Given the variety of data sets and number of simulations, in combination with data accuracy and computational costs [Schmidt et al., 2008], important questions are raised. How sensitive is DNDC modeling to different resolution data sets? What data set resolution is optimal to DNDC simulation for error control at the regional scale? The objectives of this study were to (1) quantify CH4 and N2O emissions from rice paddy fields in the Tai Lake region of China, using DNDC model with different resolution data sets derived from the 1:50,000 soil database (polygon-based soil data set); (2) assess CH4 and N2O emissions variability associated with the different resolution data sets; and (3) identify an optimal resolution data set for DNDC simulation for this region based on error control to reduce the number of simulations and computational cost. Results will indicate an optimal compromise between accuracy and computational efficiency for DNDC model application.
2. Materials and Methods
2.1. Study Area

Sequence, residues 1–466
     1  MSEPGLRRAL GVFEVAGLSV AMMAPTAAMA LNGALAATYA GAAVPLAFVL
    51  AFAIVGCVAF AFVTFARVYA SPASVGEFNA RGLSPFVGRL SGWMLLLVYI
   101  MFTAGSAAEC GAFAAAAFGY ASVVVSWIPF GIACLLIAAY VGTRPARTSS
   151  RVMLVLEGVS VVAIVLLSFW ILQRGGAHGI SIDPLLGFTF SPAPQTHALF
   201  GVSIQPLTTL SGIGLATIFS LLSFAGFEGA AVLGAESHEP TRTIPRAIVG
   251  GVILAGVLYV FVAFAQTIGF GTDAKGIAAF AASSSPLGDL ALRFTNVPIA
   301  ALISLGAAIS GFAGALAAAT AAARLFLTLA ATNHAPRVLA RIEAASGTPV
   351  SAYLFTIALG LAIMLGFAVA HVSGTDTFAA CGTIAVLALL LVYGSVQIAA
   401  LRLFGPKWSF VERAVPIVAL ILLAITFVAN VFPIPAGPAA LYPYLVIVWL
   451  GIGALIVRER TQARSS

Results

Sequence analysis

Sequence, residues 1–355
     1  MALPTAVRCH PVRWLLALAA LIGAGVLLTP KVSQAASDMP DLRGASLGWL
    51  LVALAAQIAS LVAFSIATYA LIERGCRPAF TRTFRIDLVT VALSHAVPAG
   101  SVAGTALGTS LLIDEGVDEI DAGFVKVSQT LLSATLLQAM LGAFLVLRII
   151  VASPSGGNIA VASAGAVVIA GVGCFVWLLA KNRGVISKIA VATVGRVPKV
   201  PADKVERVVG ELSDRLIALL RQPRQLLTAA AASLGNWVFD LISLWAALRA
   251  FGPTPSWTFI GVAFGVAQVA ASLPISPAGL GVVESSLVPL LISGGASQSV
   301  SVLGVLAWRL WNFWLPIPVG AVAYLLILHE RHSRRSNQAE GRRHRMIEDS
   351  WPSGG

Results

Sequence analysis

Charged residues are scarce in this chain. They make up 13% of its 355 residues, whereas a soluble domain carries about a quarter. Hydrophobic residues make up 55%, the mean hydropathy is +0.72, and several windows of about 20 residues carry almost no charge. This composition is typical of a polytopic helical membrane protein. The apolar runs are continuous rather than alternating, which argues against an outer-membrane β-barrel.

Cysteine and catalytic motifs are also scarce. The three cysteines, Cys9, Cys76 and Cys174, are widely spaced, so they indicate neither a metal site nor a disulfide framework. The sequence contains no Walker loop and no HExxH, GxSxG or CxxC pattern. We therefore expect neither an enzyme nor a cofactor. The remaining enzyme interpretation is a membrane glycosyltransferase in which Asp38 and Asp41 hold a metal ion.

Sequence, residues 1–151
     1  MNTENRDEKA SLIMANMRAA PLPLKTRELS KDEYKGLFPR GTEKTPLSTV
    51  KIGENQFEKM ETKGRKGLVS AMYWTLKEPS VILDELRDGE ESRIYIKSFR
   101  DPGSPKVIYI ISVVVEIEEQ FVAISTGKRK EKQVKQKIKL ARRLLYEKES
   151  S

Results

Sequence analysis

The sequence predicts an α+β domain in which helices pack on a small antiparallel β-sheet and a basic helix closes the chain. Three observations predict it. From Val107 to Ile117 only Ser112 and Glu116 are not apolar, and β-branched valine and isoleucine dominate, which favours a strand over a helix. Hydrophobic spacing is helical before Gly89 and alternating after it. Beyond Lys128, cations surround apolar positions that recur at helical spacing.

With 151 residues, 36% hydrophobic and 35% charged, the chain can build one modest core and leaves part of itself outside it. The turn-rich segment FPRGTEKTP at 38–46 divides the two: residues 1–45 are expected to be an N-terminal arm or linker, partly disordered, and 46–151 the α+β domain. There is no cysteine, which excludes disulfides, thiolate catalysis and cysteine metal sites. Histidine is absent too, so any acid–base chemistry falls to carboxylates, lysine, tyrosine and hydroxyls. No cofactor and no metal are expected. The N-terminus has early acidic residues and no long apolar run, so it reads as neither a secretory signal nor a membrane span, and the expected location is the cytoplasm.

The Tai Lake region (118°50′–121°54′E, 29°56′–32°16′N), is located in the middle and lower reaches of the Yangtze River of China, which includes the entire Shanghai City administrative area and a part of Jiangsu and Zhejiang provinces, with 37 counties and a total area of 36,500 km2. Annual rainfall is 1,100–1,400 mm, with a mean temperature of 16°C, average annual sunshine of 1,870–2,225 h, and over 230 frost-free days [Zhang et al., 2009a].
 As one of the oldest agricultural regions in China it has a long history of rice cultivation spanning several centuries. Approximately 66% of the total area is covered with Paddy soils [Xu et al., 1980]. The Paddy soils are derived mostly from loess, alluvium, and lacustrine deposits and are described by six soil subgroups, 137 soil families and 622 soil species according to the Genetic Soil Classification of China (GSCC). The six GSCC subgroups' reference name in U.S. Soil Taxonomy (ST) are Typic Epiaquepts (Bleached, Percogenic, Hydromorphic) and Typic Endoaquepts (Gleyed, Degleyed, Submergenic) [Soil Survey Staff, 1994; Shi et al., 2006]. Most of the cropland in the region is managed with a rice and winter wheat rotation system. Rice is planted in June and harvested in October, with winter wheat planted in November and harvested in May [Zhang et al., 2009a].